As we have seen in posts from 1/6/2014 to 1/14/2014, Marx forged a synthesis of British political economy and German philosophy from the vantage point of the worker. On a foundation of encounter with the emerging proletarian movement, Marx discerned meaning in human history, and he envisioned a future society established on a foundation of automated industry and characterized by versatile work and by the reduction of labor time. His work represented the most advanced formulation of his era, overcoming the idealism of German philosophy and the ahistorical empiricism of British political economy, and analyzing human history and capitalism from the vantage point of the exploited and dominated class.
Writing after the emergence of the proletarian movement, he discerned what German philosophy and British political economy could not see: the role of class domination in human history; and the role of class interests in political conflicts. But writing before the emergence of the anti-colonial and anti-neocolonial movements of the Third World, he did not discern that integrated with the axis of class domination, there is an equally powerful axis of colonial domination. Although aware that colonial domination was important in promoting the economic development of the West, he was unable to forge a theoretical system that was based on a foundation of the two axes of domination and that therefore could keep consistently in view the world-wide process of colonial domination.
This limitation of Marx, rooted in the historical and social context in which he wrote, led him to erroneously believe that the Western proletariat would become a revolutionary class that would act politically to establish a socialist society. He did not foresee the capacity of the capitalist class to utilize the material benefits resulting from colonial domination to make concessions to the proletariat of the nations of the core, thus channeling Western proletarian movement in a reformist direction, nullifying its revolutionary potential.
With the reformist orientation of the working class organizations of the West since 1875, the revolutionary torch has been passed to the colonized people of the Third World, where movements led by charismatic leaders could discern the axis of colonial domination as well as the axis of class exploitation, inasmuch as both were integral to the colonial situation. Third World charismatic leaders thus have left an intellectual legacy that has constituted a reformulation and a further development of the important insights of Marx. They have left sacred texts, the study of which is a necessary intellectual work, integral to the development of a more just, democratic, and sustainable world-system.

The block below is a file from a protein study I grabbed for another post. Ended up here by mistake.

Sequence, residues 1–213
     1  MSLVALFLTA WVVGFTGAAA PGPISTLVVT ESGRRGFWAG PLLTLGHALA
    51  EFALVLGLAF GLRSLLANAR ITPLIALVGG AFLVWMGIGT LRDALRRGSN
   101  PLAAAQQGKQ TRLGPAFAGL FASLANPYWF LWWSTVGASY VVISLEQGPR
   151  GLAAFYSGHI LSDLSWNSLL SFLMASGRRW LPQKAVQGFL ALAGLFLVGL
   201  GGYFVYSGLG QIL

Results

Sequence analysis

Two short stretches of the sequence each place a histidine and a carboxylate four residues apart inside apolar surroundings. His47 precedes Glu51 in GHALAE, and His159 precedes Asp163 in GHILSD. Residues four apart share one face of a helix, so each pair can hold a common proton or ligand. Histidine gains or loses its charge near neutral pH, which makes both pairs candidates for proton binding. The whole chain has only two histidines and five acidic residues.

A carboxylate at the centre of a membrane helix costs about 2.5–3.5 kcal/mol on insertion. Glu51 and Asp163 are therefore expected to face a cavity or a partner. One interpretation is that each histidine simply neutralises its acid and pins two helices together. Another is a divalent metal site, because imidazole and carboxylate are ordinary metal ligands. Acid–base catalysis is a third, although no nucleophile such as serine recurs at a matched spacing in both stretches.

The factors that made possible working-class reformism have come to an end. The world-system has reached the geographical and ecological limits of the earth, and it can no longer expand through domination of new lands and peoples, as it did for nearly five centuries. The world-system thus has entered a structural crisis, which it cannot resolve without bringing to an end the double axis of class and colonial domination, a resolution which the global elite is ideologically and politically unprepared to undertake.
Thus a global revolutionary situation has been established. The Third World anti-neocolonial revolutions have been renewed, and the peoples of the earth are in movement. It is a movement by humanity in defense of itself, and it is constructing an alternative world-system. The Third World has taken the lead, but it will soon spread to the nations of the North. It is not a proletarian revolution centered in the core, but a multi-class popular revolution with its most advanced expression in the Third World. Although it has characteristics that he could not fully see, the revolutionary transformation anticipated by Marx is now at hand.
While the work of further developing an emancipatory and integral historical-philosophical-social science, the foundation of which was established by Marx, has proceeded in the breast of social movements seeking social justice, the Western universities have demonstrated their indifference to the advances in human understanding that Marx’s work represents. Controlled by corporate interests, the universities have established fragmentation in the study of history, philosophy, and the social sciences, facilitating the marginalization of Marx’s work.
Those of us who are intellectuals and academics of the North should follow the example of Marx: seek cross-horizon encounter with the social movements of our time, that is, the social movements formed by the neocolonized of the Third World. Such encounter would require personal emancipation from the assumptions of the academic disciplines and from the bureaucratic control of the academic departments. Personal emancipation would enable us to prepare ourselves to fulfill the duty that history has bestowed on us: to make a necessary contribution to the emerging global revolution that will soon envelop our own lands.
Key words: Third World, revolution, colonialism, neocolonialism, imperialism, democracy, national liberation, sovereignty, self-determination, socialism, Marx, Marxism, Leninism, Cuba, Latin America, world-system, world-economy, development, underdevelopment, colonial, neocolonial, blog Third World perspective, proletarian revolution, working class